San Nicolas, fortunately, was not a big village.  The church was visible from the first bar so we knew we didn’t have far to wonder.  But this small village did have a sleepy feel to it.  Would the second bar even be open?  Not being the high-season for the Camino, many shops and businesses did not keep regular hours.  As we rounded the corner into the plaza, it seemed the second bar might fall into this category.  I looked at the tables and plastic chairs stacked neatly outside the bar entrance and feared that they may only be the coolest bar during the high-season, all other times they are the closed bar.  There was only one way to be sure.

The three of us walked across the plaza, opened the door, peaked into the bar and caught the gaze of the bartender.  “¿Es la segunda bar?” I asked.  He smiled broadly, putting down the glass he was polishing.  “Si, si,” he said, ushering us in with the wave of his hand.  We were, apparently, the first pilgrims of the day as the rest of the bar was completely empty.  We all smiled in relief as we placed our backpacks on the floor and hung up our rain soaked jackets.  Before we could even sit down we had each placed our coffee orders and the bartender quickly got to work.

As we waited on our barstools we checked out our surroundings.  Yeah, this place had a good vibe to it.  Low ceilings with wood beams running across, Spanish tile floors, white plaster walls, and plenty of odd knick-knacks and art arranged tastefully throughout the bar and restaurant gave the place a warm, inviting feel.  It reminded me of an authentic Mexican restaurant you might find in central California somewhere.  When the coffee was served, we knew we had found a good place to warm up out of the cold.  When the food arrived, however, we knew why Socrates was such a fan of the second bar.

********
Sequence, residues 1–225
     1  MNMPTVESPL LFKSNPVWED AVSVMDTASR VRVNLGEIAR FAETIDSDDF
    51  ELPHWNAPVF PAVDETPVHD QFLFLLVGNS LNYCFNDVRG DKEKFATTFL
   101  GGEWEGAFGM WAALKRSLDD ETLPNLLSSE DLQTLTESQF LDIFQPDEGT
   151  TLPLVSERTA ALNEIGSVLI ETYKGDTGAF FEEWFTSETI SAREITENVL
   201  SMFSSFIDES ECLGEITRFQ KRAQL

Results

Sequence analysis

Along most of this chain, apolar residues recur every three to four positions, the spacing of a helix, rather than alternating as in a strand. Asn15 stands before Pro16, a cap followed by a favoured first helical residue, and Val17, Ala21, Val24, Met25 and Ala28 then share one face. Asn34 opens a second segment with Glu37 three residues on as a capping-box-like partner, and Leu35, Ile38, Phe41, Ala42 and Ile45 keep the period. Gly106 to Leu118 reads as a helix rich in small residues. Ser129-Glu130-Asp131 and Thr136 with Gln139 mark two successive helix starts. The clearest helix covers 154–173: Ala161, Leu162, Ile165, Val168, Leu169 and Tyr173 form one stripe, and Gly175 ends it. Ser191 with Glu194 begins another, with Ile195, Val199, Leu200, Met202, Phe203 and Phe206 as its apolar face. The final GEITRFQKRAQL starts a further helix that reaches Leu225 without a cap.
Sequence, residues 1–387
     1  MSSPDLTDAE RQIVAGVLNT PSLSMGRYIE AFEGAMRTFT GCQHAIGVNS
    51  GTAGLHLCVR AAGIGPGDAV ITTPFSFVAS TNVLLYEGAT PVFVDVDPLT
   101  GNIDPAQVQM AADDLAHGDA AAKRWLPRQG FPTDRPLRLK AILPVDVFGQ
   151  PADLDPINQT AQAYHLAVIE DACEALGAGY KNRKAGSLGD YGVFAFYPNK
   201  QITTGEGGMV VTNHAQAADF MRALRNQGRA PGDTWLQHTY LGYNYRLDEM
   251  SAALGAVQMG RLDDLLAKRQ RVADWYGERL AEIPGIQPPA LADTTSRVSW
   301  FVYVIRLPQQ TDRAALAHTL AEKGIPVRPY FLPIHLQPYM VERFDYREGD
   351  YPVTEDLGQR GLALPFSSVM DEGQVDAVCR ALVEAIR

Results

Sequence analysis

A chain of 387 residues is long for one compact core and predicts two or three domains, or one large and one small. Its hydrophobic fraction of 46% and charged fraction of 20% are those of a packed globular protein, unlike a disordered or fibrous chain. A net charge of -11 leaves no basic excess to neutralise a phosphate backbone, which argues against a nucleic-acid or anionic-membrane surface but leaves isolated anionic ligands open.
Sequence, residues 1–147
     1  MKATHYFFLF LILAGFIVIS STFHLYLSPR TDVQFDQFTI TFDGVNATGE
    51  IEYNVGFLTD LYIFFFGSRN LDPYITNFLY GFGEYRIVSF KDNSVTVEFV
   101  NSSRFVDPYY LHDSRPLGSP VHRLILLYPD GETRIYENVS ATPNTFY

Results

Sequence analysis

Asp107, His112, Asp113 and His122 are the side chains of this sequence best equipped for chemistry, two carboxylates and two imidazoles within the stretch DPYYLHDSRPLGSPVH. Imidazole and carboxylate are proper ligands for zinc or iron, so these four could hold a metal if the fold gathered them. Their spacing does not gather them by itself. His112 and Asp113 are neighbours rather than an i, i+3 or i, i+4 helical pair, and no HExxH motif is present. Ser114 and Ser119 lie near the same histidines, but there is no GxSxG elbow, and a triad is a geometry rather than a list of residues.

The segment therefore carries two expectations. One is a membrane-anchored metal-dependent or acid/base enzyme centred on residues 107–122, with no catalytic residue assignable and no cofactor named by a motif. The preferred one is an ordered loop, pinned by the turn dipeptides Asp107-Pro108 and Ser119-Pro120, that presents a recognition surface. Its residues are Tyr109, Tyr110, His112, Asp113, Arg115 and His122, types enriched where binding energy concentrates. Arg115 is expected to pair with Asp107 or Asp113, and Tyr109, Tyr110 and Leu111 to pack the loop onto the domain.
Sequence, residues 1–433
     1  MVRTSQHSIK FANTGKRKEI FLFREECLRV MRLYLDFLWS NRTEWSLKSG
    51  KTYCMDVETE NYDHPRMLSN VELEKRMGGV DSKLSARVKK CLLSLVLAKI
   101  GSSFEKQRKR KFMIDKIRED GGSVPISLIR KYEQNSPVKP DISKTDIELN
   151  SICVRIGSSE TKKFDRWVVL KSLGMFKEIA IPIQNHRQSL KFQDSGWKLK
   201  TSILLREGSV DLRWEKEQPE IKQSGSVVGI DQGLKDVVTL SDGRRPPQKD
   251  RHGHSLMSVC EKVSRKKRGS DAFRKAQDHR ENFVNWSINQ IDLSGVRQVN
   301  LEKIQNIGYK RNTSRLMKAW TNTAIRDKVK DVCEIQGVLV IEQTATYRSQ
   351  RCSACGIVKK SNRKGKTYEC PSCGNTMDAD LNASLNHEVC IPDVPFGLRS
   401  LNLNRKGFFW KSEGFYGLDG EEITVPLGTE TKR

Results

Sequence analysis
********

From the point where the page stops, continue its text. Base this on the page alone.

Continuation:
I ordered a typical sandwich with egg, chorizo, lettuce, and tomato; nothing too special but the lettuce was crunchy and the tomato was literally bursting with flavor.  Nicky ordered the fruit with chia seed and almond milk pudding, topped with local honey.  Jen ordered something similar but much bigger, the Fruitopía.  This was a large bowl of fruit, topped with oatmeal, onto which the bartender poured fresh squeezed orange juice.  Jen was practically giddy with delight as she watched him do this and her eyes practically rolled to the back of her head as she took her first bite.

Food, as I’m sure you can imagine, and I’m certain I’ve mentioned before, is an important part of pilgrim living.  One cannot live on tortilla y potata or tostada alone, though pilgrims come pretty close to doing just that.  So, when we find a place where the food is slightly different than our regular diet of Spanish omelets and pilgrim menus, we quickly want to share the good news, especially when the food is as good as what we had at the Second Bar.